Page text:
16 March 2016
Manufacturers for Trade Enforcement Says China Has Not Met Criteria for Market Economy
A group of leading U.S. manufacturing associations today announced the formation of a new coalition, Manufacturers for Trade Enforcement, to oppose China’s designation as a market economy at the end of 2016.
China has claimed that it should be automatically accorded treatment as if it were a market economy after the 15th anniversary of its accession to the World Trade Organization (WTO) in December 2016. U.S. law requires that the Department of Commerce make a market economy status (MES) determination based on established criteria, which many experts agree that China
has not met.
“Our industries can compete against any other market-oriented competitors, but we cannot
compete against the Chinese government,” said Heidi Brock, President & CEO of the Aluminum
Association. “The Chinese economy does not meet the basic requirements set forth by U.S.
statutes and the Department of Commerce for a functioning market economy, and we will work together in this coalition to speak loudly, and with one strong voice, to prevent China from gaining a status that it does not yet deserve.”
The groups united in their opposition to MES for China today include:
- Aluminum Association
- American Fiber Manufacturers Association
- American Iron and Steel Institute
- Narrow Fabrics Institute
- National Council of Textile Organizations
- PET Resin Association
- U.S. Industrial Fabrics Institute
These organizations represent 800,000 direct manufacturing jobs in the U.S. Granting market economy status to China would put these jobs at risk by limiting U.S. manufacturers’ ability to seek remedies for unfair trade practices by Chinese firms.
“The unfortunate reality is China continues to be a state-run economy in many respects, creating an unlevel playing field for manufacturers here at home,” said Thomas J. Gibson, President and CEO of the American Iron and Steel Institute. “What we are calling for is a fair and accurate assessment of the Chinese economy – and we believe that will show that market economy status for China is not warranted at this time.”
“China has not taken appropriate steps over the past decade to warrant market economy status,” said Paul O’Day, President of the American Fiber Manufacturers Association. “Granting MES to China would not only violate global trade rules but also put a huge number of domestic manufacturing jobs at risk.”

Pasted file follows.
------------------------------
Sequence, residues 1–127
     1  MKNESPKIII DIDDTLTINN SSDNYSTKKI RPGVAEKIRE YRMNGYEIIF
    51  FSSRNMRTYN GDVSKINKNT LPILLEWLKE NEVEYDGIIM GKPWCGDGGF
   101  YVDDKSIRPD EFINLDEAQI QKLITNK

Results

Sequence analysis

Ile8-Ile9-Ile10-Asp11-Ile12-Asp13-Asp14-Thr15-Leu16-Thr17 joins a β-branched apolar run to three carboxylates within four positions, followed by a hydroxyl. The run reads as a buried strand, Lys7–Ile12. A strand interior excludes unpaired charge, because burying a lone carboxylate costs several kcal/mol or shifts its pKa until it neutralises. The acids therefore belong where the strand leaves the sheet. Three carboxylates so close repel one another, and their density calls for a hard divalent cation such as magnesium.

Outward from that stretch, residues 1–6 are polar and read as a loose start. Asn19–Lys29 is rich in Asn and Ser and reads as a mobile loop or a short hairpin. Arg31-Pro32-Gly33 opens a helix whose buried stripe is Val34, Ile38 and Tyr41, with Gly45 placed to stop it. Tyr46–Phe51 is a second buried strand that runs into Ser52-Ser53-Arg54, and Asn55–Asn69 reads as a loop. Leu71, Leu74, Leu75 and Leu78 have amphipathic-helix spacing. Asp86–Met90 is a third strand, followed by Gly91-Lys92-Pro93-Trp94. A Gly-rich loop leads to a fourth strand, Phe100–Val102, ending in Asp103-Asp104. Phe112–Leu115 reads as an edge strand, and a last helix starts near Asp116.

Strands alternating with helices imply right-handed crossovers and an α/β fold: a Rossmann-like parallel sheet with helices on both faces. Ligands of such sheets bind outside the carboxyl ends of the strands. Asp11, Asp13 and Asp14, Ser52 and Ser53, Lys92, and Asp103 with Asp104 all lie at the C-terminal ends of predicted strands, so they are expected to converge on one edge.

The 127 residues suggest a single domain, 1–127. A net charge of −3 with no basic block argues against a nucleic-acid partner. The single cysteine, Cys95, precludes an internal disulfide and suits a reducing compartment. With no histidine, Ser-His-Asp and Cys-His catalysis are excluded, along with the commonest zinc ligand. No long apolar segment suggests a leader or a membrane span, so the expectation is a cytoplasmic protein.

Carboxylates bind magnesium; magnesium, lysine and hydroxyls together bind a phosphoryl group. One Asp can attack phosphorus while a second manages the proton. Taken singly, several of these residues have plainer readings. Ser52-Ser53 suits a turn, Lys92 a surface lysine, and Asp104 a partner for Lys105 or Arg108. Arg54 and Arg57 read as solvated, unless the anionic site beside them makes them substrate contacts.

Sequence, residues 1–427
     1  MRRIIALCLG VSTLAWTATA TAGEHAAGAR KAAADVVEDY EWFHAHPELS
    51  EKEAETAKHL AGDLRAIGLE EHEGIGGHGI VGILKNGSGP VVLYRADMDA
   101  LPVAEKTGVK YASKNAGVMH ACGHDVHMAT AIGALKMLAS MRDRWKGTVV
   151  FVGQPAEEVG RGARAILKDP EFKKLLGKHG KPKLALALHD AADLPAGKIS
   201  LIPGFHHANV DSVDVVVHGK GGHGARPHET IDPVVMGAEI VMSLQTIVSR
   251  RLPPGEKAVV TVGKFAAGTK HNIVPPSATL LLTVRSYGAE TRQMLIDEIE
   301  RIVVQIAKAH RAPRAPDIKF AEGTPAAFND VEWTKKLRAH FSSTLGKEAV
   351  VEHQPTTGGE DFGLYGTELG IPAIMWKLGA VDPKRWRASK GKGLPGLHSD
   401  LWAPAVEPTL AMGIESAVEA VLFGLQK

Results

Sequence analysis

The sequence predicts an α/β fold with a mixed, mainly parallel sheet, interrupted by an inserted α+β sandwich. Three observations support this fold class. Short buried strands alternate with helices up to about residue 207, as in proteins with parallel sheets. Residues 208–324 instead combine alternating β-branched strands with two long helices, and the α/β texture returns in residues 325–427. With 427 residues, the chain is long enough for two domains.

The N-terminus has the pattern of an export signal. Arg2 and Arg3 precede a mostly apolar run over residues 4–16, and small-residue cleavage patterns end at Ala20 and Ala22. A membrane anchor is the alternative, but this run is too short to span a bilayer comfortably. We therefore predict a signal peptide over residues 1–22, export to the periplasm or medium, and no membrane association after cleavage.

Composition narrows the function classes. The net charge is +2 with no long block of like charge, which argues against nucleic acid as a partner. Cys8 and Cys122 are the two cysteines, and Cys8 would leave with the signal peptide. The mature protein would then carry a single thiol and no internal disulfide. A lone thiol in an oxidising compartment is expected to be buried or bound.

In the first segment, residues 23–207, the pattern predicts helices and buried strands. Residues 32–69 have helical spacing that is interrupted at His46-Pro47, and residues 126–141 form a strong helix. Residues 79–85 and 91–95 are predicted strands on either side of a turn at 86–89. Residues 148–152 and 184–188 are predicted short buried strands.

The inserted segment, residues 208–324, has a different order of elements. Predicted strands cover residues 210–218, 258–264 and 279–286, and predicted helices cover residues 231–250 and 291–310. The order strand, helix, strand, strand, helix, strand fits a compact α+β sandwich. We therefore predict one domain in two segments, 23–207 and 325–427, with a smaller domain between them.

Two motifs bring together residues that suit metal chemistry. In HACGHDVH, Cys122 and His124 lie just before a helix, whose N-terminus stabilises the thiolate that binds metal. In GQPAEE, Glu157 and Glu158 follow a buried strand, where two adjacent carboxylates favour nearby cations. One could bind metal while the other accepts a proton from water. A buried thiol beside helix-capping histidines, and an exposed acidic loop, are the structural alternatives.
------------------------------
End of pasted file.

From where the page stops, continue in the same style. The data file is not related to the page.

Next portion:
State support of domestic manufacturing in China has distorted global markets, leading to significant oversupply and other issues that are hurting domestic manufacturers. In the aluminum industry alone, eight U.S.-based aluminum smelters have curtailed or closed since the beginning of 2015, representing more than 60 percent of U.S. primary aluminum capacity and impacting more than 3,000 workers. In November, the American Iron and Steel Institute presented research performed by three NAFTA-region economists demonstrating the negative impact to the steel industry and related industries in North America of granting China market economy status before China has made the necessary market-oriented reforms to its economy.
According to Manufacturers for Trade Enforcement’s position statement, “Fair international competition and a level playing field are essential for the global competitiveness of U.S. manufacturers. Effective and predictable trade enforcement mechanisms must include the accurate assessment of and response to distortions from state-run or other non-market economies, which risk endangering U.S. jobs and the economy.”
Manufacturers for Trade Enforcement is a coalition of leading U.S. manufacturing associations united in opposing China’s request to automatically grant Market Economy Status for the country at the end of 2016. U.S. law requires that the Department of Commerce make a market economy status (MES) determination based on established criteria, which China has not met. State support of domestic manufacturing in China has distorted global markets, hurting domestic manufacturers. To learn more, please visit www.tradeenforcement.org.